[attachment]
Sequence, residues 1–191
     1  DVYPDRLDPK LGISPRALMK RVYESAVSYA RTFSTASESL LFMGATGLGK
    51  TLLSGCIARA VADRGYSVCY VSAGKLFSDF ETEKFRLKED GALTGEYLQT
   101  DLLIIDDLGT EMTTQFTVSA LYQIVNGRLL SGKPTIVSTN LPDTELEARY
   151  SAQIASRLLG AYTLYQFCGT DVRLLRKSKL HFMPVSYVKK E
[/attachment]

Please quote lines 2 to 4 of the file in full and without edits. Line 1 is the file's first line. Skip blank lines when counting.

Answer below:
     1  DVYPDRLDPK LGISPRALMK RVYESAVSYA RTFSTASESL LFMGATGLGK
    51  TLLSGCIARA VADRGYSVCY VSAGKLFSDF ETEKFRLKED GALTGEYLQT
   101  DLLIIDDLGT EMTTQFTVSA LYQIVNGRLL SGKPTIVSTN LPDTELEARY